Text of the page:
Take the 2-minute tour ×
Physics Stack Exchange is a question and answer site for active researchers, academics and students of physics. It's 100% free, no registration required.

Most of the 5-dimensional Higgs models can be seen, if I understand correctly, as models where the Higgs is a composite.

Now, is this true for Connes models? It is a model of extra dimensions too, in some sense. And when you look at the papers, at some moment a product of two symbols is substituted by a single $\phi$, so it seems that some composition is at work.

share|improve this question
    
why is the Higgs composite in extra dimension models? Do you mean little Higgs. –  Ron Maimon Jul 26 '12 at 5:33
add comment

1 Answer 1

I just looked over Connes paper, and his Lagrangian is expressed with a Higgs field H. This makes H fundamental at energies where the Lagrangian is correct, which is everywhere below the scale where he has new structure. This is the scale where he gets the weird constraints in his model, and he puts this at the GUT scale, so it makes no sense to call it a composite Higgs model. It's a fundamental Higgs, like in the standard model or in a usual GUT where the Higgs is part of a larger multiplet, but is split at low energies.

share|improve this answer
    
If you look it with most detail, you will notice that H is first got from a sumatory on indeterminate (arbitrary?) fields. –  arivero Jul 26 '12 at 21:37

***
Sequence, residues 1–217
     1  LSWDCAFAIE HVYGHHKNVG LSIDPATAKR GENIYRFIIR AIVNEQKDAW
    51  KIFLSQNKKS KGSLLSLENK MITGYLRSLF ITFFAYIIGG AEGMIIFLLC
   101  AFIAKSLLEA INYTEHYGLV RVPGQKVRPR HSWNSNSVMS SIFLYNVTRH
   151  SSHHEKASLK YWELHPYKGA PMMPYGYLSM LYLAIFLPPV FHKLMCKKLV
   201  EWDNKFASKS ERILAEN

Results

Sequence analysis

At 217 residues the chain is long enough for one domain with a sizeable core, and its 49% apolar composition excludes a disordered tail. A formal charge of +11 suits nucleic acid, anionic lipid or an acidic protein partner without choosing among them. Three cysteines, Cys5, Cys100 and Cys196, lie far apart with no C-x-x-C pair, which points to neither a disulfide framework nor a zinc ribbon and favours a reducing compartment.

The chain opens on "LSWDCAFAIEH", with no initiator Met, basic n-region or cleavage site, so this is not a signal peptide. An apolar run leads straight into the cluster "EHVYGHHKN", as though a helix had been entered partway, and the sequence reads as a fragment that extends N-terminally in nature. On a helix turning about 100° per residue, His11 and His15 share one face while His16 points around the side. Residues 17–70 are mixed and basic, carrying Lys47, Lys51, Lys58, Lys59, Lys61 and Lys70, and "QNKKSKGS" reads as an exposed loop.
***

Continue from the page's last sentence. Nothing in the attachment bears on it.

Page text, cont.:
@arivero: I looked for an expression like this in the paper, I didn't see it. I was looking at the earliest relevant paper linked on his site. Were you looking at a different paper? The H arose from some big high energy matrix thingy he was considering, not from products of fermionic (or bosonic) fields (at least I didn't see anyplace where this happened). –  Ron Maimon Jul 27 '12 at 2:38
    
Fascinating, you are right it is not mentioned in most of the supposedly definitive papers. But look eg at page 616 in the red book, alainconnes.org/docs/book94bigpdf.pdf The Higgs apears as combinations of products of pairs of complex numbers. –  arivero Jul 27 '12 at 13:38
    
@arivero: I didn't see the Higgs in that page, I saw a lot of "H"'s, but these are quaternions. I don't really like Connes presentation, I don't think it adds anything, and it is very unclear compared to standard presentations. –  Ron Maimon Jul 27 '12 at 13:56
add comment

Your Answer

 
discard

By posting your answer, you agree to the privacy policy and terms of service.

Not the answer you're looking for? Browse other questions tagged or ask your own question.